10/13/2020, 15.35
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Pandemic increases the risk of looting of Iraq’s cultural heritage

Already targeted by the Islamic State group, which trafficked artifacts to finance its fight, Iraq’s cultural heritage is now threatened by the novel coronavirus. For an Iraqi scholar, raiding archaeological sites has “never stopped”. Attempts to contain the novel coronavirus have absorbed more and more government energy and resources.

Baghdad (AsiaNews) – The COVID-19 pandemic has not just affected people, but also the treasures of history and archeology of Iraq, home to the world-famous sites of ancient Mesopotamia.

Already a privileged target of the Islamic State (IS) group, which stole and sold archeological artifacts on the black market to finance its activities, today Iraq is an easy target of theft due to a lack of staff to care and watch over archeological sites.

According to a survey carried out in the 2000s by the Antiquities Inspector’s Office, the south-eastern governorate of Dhi Qar alone has more than 1,200 known archaeological sites.

One of these sites is the ancient city of Ur, which is nearly 6,000 years old. According to biblical tradition, it is the birthplace of the Patriarch Abraham. Since its discovery in 1855, only 5 per cent of its area has been excavated.

Apart from this legendary place, which is completely fenced off, other archaeological sites are not adequately protected as Iraq still lacks the necessary infrastructure and human resources to safeguard its rich history.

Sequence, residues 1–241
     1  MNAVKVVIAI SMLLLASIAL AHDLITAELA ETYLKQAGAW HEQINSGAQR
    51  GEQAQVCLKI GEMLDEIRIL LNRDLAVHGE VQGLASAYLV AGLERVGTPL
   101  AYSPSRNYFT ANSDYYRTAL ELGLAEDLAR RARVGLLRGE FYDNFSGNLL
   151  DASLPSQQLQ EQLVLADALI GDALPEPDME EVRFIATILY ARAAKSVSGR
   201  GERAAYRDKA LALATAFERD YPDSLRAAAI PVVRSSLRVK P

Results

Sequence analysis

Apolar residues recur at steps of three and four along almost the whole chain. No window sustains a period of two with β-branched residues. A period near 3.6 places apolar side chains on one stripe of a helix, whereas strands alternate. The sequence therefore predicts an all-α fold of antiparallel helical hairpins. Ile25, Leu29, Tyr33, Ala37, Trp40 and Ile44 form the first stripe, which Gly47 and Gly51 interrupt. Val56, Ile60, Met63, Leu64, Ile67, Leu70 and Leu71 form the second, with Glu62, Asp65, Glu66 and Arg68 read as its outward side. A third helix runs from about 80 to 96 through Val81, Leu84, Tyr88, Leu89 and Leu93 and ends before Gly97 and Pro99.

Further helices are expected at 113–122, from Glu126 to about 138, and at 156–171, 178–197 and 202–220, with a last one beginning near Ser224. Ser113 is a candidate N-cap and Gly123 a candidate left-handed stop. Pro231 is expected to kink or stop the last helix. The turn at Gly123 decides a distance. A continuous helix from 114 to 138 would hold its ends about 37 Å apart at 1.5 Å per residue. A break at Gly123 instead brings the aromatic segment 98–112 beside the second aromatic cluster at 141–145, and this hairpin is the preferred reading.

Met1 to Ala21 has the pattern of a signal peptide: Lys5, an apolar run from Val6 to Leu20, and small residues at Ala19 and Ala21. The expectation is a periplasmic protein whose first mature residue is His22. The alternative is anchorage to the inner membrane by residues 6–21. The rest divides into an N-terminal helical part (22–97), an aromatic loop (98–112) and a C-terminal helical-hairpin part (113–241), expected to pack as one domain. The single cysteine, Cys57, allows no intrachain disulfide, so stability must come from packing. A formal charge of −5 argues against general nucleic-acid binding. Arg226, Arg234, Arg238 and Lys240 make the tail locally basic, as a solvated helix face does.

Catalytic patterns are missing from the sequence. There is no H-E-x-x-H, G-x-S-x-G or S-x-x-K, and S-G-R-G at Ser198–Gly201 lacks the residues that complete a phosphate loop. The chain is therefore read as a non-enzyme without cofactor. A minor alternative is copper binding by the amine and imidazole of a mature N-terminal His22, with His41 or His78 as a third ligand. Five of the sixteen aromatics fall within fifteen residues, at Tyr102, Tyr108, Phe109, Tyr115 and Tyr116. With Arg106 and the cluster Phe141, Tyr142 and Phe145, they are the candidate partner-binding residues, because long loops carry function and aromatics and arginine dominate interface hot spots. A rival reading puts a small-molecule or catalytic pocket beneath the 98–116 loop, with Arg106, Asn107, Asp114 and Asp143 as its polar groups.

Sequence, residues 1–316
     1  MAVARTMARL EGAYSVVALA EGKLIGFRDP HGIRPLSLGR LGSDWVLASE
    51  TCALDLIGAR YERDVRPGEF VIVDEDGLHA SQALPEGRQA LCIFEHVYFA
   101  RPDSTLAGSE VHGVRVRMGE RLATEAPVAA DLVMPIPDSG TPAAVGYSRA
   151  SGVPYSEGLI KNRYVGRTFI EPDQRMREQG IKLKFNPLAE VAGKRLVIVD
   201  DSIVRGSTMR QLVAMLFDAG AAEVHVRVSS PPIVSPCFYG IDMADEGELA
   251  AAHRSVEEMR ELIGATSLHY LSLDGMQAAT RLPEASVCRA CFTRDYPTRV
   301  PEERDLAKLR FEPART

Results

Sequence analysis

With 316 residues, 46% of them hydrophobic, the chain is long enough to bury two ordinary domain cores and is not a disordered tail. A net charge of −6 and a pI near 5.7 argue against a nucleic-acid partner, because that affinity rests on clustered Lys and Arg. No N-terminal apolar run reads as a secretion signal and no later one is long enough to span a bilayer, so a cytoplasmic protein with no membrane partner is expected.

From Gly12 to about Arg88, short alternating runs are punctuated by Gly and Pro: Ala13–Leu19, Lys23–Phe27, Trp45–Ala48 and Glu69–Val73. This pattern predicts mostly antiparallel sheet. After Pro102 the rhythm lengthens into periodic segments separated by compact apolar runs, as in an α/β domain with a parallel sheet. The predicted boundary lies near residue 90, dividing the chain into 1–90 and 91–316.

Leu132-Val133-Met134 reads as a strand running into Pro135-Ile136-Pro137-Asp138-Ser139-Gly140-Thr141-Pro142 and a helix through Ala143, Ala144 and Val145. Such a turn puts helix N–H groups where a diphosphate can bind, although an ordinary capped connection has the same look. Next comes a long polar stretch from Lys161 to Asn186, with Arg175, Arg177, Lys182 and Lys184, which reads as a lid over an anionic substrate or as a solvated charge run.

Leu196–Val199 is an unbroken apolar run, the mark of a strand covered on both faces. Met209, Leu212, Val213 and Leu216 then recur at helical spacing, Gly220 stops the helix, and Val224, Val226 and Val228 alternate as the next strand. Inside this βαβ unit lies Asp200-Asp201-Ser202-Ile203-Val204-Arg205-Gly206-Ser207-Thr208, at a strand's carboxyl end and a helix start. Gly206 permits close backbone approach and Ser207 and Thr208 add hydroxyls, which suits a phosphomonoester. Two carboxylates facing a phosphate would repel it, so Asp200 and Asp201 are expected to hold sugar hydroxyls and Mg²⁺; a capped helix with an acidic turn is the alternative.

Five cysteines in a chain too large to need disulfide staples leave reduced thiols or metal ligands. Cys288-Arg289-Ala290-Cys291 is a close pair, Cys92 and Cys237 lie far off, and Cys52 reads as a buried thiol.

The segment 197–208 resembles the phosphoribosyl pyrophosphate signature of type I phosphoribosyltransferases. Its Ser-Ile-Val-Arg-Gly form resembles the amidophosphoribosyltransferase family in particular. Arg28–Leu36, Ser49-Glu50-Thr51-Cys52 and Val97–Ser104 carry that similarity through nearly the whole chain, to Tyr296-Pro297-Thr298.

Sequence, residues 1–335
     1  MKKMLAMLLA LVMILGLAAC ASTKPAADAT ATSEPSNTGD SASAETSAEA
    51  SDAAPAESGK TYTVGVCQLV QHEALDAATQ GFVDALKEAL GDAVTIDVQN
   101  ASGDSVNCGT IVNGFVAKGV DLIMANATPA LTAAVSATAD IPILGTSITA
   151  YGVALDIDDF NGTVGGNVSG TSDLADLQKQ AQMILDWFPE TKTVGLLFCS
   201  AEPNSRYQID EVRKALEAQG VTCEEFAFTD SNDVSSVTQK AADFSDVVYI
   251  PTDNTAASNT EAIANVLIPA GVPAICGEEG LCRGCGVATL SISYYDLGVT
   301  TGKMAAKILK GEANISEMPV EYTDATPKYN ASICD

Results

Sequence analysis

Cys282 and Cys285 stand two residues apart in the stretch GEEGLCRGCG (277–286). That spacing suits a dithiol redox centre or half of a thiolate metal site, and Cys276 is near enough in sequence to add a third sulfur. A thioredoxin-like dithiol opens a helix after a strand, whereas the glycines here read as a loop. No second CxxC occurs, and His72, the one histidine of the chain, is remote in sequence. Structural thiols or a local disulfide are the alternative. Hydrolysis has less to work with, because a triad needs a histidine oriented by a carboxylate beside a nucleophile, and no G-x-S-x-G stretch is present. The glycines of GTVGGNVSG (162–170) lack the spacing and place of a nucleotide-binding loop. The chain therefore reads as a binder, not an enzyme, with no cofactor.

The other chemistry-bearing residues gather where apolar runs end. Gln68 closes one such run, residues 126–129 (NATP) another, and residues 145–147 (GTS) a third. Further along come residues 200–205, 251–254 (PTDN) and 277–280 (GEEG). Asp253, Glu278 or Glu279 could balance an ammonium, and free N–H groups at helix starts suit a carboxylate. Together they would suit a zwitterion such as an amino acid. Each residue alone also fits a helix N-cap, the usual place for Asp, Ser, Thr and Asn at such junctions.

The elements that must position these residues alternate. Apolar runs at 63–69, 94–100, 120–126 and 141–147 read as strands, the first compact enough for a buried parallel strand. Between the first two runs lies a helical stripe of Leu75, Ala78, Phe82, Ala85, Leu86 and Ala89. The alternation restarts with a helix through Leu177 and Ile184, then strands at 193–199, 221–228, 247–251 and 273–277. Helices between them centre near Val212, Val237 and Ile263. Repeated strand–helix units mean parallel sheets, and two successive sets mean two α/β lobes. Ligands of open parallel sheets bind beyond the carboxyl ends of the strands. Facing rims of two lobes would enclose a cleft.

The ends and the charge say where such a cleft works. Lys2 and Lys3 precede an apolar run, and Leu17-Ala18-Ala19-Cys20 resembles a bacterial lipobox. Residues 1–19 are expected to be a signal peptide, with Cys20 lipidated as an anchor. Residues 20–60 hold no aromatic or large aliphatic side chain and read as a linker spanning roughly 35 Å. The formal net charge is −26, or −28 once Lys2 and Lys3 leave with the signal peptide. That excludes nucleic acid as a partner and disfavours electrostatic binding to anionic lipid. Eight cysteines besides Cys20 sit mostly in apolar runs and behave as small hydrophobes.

These sites have been raided "virtually ever since they existed," archaeologist Ali al-Rubaie told Middle East Eye

"But in the last decades, which started with the sanctions against Saddam Hussein's Baath regime [1990-2003], there has been a sharp rise in looting activities. Despite the existence of severe punishments, the activity never stopped."

Among the reasons that facilitated the looting, there is the fact that the conservation of archaeological sites was never a priority for the Iraqi government and the US military, after the 2003 invasion that resulted in the fall of Saddam Hussein.

The special forces trained to protect antiquities were often diverted to other missions or to defend military and government installations or places of strategic importance.

In light of the situation, scholars and experts are now calling for greater investments to protect Iraq’s archaeological heritage, both in terms of funds and staff.

Antiquities are usually smuggled to Jordan or Turkey before being sold on black markets around the region. They often end up in private collections.

The problem has worsened with Iraq’s economic crisis, social unrest and pandemic of the last year, which have impoverished a country rich in resources that rarely benefit the population.

Furthermore, attempts to contain COVID-19 have monopolised much of the government’s energy and resources, reducing the already paltry funding allocated to protect the country’s cultural heritage.

Last but not least, the collapse in oil prices has limited the prospects of recovery for an economy that is expected to shrink by 10 per cent this year.

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